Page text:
My IoT device history

The internet of things (IoT) is getting pretty saturated with devices most of which are either smart watches or activity trackers. Smart watches do not appeal to me as I have a very nasty habit of destroying the clock face of my watches. Last November, I was able to get a Vivosmart from Garmin for $60 plus tax and shipping. It was great – did step tracking, allowed for notifications, allowed me to dismiss calls and see texts. My brother-in-law also received one as a gift a few months later (he preferred it over the Fitbit which did less and cost more).

A month ago we both noticed the pixels disappearing on the Garmin Vivosmart display. I was able to submit a warranty request through their website quite painlessly, and the offered to upgrade me to a Garmin Vivosmart HR! Of course I took the upgrade offer and paid the shipping for the old device to be sent back. My brother-in-law had a complete different experience. The website at first said his Garmin Vivosmart was out of warranty (even though it was newer than mine) then it eventually – a day later – said it was in warranty. He was given the option to replace the Garmin Vivosmart with a non-HR model, but they gave him a shipping label. It is quite odd that we both had different experiences within a few days of submitting our warranty requests.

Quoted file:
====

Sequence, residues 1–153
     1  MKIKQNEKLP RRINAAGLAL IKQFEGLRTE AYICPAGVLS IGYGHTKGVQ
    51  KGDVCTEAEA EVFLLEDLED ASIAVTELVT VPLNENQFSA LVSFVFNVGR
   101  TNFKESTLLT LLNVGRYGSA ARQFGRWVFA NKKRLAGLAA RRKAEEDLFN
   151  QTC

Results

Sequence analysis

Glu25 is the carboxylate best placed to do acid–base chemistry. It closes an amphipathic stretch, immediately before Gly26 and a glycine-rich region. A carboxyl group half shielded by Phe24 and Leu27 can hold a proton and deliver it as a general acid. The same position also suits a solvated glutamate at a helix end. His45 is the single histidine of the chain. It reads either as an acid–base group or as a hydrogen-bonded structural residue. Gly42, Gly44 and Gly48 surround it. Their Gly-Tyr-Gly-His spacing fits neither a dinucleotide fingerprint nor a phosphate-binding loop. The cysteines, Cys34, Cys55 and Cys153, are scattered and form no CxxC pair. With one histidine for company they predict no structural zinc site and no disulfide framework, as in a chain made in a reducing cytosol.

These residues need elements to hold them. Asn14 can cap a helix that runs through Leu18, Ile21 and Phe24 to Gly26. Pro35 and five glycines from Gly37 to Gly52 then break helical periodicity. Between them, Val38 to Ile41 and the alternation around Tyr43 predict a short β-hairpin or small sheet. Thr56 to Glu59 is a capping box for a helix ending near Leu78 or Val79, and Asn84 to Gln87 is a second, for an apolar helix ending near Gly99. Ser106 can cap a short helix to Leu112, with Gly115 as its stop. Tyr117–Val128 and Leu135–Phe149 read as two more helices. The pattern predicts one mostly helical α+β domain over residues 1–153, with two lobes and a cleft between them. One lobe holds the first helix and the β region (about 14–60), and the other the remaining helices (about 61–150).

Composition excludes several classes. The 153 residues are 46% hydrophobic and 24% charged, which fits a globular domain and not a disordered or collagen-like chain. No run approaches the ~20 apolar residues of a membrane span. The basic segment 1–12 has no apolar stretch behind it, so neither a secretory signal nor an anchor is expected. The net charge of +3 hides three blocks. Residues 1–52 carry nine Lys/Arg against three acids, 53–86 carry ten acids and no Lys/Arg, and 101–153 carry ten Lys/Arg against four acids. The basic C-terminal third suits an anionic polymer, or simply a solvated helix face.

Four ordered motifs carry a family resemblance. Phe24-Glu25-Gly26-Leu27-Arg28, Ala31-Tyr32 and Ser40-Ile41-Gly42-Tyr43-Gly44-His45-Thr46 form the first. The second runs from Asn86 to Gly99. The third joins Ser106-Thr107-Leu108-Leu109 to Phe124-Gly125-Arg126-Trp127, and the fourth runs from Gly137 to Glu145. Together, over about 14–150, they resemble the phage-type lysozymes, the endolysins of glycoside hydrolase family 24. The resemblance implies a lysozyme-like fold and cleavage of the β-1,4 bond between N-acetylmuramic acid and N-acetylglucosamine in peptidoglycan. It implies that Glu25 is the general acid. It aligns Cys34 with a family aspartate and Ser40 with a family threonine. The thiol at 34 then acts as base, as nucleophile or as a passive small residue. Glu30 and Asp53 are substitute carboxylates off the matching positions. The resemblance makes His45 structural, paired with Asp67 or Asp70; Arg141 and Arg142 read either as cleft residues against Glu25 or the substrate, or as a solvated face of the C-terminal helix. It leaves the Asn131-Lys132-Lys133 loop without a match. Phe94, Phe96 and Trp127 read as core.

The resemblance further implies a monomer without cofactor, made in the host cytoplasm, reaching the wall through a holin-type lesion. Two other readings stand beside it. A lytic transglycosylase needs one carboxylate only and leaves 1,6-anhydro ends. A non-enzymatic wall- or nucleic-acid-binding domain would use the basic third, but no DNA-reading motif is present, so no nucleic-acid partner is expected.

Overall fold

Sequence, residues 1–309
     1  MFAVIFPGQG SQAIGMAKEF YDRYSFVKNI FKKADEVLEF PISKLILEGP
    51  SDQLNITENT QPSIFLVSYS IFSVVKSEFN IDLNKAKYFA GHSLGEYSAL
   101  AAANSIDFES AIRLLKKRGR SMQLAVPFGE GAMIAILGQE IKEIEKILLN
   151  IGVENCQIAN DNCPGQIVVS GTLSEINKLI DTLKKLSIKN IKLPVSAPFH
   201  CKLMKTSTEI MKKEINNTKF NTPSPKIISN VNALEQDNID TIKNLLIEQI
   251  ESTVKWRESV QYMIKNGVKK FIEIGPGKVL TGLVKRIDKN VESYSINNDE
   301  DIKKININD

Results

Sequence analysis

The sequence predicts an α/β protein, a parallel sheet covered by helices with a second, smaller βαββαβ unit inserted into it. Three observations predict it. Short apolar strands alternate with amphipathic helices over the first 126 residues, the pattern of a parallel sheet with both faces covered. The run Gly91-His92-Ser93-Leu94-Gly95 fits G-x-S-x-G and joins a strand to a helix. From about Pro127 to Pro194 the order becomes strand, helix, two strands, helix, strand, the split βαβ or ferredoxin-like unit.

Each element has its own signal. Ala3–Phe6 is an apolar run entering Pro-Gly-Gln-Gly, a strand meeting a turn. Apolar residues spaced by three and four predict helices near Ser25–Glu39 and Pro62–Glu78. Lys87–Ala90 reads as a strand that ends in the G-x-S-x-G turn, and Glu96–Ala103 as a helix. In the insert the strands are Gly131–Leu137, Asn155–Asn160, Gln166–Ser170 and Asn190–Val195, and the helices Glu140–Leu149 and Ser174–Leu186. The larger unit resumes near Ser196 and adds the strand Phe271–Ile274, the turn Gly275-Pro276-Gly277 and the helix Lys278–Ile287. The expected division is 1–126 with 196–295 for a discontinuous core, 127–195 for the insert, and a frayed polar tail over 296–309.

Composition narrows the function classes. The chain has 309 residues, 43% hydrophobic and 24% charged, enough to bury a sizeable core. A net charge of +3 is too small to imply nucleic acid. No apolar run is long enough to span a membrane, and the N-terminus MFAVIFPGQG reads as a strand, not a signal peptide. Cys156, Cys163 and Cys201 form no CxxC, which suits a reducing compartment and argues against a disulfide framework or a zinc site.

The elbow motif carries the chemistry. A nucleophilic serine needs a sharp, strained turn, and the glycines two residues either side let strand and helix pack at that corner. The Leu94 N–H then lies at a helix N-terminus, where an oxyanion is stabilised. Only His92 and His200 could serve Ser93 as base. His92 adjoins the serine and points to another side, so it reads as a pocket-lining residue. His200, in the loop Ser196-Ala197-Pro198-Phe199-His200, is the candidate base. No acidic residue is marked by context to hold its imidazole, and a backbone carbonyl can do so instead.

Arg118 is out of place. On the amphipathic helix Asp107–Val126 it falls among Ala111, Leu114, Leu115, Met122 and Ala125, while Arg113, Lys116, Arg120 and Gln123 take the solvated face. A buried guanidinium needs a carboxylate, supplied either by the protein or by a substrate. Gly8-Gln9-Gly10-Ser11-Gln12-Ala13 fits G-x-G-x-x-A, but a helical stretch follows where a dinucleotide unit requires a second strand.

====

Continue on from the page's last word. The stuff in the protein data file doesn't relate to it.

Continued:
I recently received the newer model after waiting the RMA process and I am quite impressed. At first, the font was too skinny and hard to read, but all I had to do was upgrade to the latest firmware and it was fixed. One neat feature that was added (besides the obvious HR function) was the ability to see the weather – up to a 4 day forecast. Two new goal trackers were also added – a stair counter and strenuous activity counter. The plain Garmin Vivosmart’s battery lasted over a week. I haven’t depleted the new model all the way, but I am assuming it will last 4-5 days depending on my use.

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